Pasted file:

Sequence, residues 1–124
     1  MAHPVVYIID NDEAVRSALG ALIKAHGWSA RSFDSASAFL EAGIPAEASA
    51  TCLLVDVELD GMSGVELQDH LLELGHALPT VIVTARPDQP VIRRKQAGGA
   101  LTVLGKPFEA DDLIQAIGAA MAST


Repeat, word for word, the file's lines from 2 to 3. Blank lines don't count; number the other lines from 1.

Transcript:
     1  MAHPVVYIID NDEAVRSALG ALIKAHGWSA RSFDSASAFL EAGIPAEASA
    51  TCLLVDVELD GMSGVELQDH LLELGHALPT VIVTARPDQP VIRRKQAGGA